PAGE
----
Acclaimed anime director Hayao Miyazaki is unfortunately retiring from directing. His swan song, The Wind Rises, is a fantastic send off. With excellent characters, great dialogue, and gorgeous animation, The Wind Rises is one of his finest works. The story might not be told all too well, but don’t let that stop you from seeing one of 2014’s (well, technically 2013) best films.
The Wind Rises takes place in the 1920’s and follows Jiro, whose had a dream of building airplanes ever since he was a little boy. That dream takes him from Japan to Germany where planes are needed for war.
Not the most exciting story I know, and that’s certainly a fault with the movie. While this is a character-driven story all the way through (and you most certainly care about these characters), not a whole lot happens in the movie which makes for some slow scenes. Also, with World War II on the horizon and the film taking place in Japan and Germany, incorporating that into the film would’ve made for some great drama and kind of felt like a missed opportunity.
The story in the film is not bad though and it’s the excellent characters who take the credit. Hayao Miyazaki has created some incredible and memorable characters too. You really care for Jiro, who is an extremely relatable character. He has a slew of problems in the film, but the movie never made it feel “too much”, which is a real testament considering what happens to the guy. The supporting characters are also great. You got the best friend, the crazy boss, the love interest, and more. All your standard characters, but given life and fantastic dialogue.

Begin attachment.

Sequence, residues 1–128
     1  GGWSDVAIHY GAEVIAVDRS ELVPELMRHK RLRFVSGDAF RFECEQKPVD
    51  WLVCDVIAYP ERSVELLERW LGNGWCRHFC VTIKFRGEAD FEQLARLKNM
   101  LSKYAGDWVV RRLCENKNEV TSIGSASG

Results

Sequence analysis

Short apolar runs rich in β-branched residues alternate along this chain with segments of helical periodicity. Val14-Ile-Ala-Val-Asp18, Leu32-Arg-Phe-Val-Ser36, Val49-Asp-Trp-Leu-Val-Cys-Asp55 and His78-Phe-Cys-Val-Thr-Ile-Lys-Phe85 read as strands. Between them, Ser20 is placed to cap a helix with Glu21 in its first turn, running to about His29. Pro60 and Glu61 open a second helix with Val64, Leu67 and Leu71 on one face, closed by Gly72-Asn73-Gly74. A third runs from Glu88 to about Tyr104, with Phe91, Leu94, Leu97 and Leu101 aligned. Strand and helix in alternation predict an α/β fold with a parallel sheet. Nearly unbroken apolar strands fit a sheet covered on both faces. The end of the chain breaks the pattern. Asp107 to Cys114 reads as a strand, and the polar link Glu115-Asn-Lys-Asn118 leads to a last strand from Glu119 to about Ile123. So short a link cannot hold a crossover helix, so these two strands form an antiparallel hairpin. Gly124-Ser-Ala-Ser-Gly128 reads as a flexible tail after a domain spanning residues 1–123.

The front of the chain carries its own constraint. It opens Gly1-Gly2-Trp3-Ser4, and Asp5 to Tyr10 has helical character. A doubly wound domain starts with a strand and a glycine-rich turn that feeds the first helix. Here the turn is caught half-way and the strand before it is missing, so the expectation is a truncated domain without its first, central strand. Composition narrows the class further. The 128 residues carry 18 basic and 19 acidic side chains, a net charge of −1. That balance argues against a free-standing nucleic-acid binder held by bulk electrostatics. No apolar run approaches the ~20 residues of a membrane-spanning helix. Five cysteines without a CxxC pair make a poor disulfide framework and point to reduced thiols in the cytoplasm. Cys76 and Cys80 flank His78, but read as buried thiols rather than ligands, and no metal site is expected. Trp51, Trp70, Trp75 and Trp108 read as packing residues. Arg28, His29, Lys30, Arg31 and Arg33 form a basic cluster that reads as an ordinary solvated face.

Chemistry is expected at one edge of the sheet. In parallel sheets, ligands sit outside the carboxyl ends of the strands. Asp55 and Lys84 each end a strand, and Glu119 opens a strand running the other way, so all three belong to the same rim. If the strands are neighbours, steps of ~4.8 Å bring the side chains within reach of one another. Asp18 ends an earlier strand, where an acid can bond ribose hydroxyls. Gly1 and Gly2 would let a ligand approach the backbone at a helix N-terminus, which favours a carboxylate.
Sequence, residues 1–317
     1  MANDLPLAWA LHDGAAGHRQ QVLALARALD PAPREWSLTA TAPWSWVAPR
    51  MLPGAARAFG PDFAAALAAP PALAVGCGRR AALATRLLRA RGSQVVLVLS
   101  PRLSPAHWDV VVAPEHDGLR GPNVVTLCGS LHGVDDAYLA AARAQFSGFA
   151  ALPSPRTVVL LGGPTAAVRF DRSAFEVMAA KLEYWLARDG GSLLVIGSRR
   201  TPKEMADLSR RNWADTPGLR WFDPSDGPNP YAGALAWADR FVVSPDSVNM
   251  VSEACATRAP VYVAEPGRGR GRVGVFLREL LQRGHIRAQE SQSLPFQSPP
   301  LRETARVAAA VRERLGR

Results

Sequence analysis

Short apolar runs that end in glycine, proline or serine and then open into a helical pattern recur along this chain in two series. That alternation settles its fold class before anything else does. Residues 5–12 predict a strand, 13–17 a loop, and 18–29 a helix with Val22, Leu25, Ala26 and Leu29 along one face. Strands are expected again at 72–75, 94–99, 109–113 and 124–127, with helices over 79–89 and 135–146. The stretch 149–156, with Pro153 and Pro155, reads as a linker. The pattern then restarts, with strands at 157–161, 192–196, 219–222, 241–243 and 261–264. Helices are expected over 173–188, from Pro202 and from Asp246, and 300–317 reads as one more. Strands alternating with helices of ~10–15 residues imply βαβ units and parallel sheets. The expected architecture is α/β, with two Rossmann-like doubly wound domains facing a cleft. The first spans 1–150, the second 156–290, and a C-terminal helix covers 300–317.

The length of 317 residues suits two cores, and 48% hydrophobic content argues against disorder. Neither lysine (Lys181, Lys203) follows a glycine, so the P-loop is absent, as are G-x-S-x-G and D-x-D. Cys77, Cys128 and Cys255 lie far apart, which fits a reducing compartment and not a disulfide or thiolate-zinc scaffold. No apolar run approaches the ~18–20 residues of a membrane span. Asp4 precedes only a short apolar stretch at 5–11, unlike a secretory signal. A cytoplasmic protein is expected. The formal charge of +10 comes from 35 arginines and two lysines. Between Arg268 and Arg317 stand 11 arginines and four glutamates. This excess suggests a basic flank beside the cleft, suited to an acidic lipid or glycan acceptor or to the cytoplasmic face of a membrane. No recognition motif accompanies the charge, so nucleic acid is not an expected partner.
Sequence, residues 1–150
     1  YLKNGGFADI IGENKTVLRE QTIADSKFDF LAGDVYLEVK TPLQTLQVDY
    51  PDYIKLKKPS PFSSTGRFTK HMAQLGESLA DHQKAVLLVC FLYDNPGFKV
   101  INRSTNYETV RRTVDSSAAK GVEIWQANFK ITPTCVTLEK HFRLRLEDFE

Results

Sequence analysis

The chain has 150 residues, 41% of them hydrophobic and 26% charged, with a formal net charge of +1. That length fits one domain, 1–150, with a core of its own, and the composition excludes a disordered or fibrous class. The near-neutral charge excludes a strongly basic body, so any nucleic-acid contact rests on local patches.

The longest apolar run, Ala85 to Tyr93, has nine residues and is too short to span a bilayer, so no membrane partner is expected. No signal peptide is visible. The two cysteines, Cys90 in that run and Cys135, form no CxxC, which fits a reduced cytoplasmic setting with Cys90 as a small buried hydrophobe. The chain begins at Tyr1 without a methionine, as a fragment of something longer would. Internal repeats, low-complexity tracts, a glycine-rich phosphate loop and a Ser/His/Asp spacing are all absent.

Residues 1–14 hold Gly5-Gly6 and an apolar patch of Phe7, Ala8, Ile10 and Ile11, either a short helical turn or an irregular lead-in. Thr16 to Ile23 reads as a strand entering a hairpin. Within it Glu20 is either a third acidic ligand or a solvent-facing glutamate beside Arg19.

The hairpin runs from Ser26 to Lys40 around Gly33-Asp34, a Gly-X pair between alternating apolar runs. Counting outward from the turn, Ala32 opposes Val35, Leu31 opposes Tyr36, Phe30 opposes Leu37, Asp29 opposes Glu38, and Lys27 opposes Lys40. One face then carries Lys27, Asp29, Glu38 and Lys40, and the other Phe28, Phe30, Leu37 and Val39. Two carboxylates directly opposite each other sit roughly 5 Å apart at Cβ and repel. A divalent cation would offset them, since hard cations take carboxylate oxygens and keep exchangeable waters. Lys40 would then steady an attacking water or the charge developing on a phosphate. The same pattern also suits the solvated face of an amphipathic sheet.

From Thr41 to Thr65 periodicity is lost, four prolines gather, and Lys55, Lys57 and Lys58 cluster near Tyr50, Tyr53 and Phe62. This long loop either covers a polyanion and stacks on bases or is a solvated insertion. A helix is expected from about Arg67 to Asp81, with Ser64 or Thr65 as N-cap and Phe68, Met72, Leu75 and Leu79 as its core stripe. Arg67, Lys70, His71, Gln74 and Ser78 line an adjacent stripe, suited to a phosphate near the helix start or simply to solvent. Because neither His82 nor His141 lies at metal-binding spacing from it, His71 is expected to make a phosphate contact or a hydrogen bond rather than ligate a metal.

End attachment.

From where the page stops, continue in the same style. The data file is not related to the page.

Speaking of which, the dialogue in this film is truly great. Even with the slow scenes, I was just happy listening to Jiro talking to his friend or ordering some sponge cake. Not to mention some of the laughs I got, especially from “the crazy boss” (played by the incredible Martin Short). The English voice actors do a great job. Joseph Gordon-Levitt, Emily Blunt, John Krasinski, and more give some solid performances although it’s Martin Short who steals the show.
Finally, the animation in the movie is truly gorgeous. None of that 3D CGI crap here, just stunning and colorful traditional animation. A rarity in today’s times.
Hayao Miyazaki is responsible for some of the greatest
anime animated movies of all time and it’s nice to see his sendoff is this fantastic film. The animation is purdy, the characters lovable and relatable, and the dialogue so well-written. The story could’ve used some work, but don’t let that keep you away from one of Miyazaki’s finest features.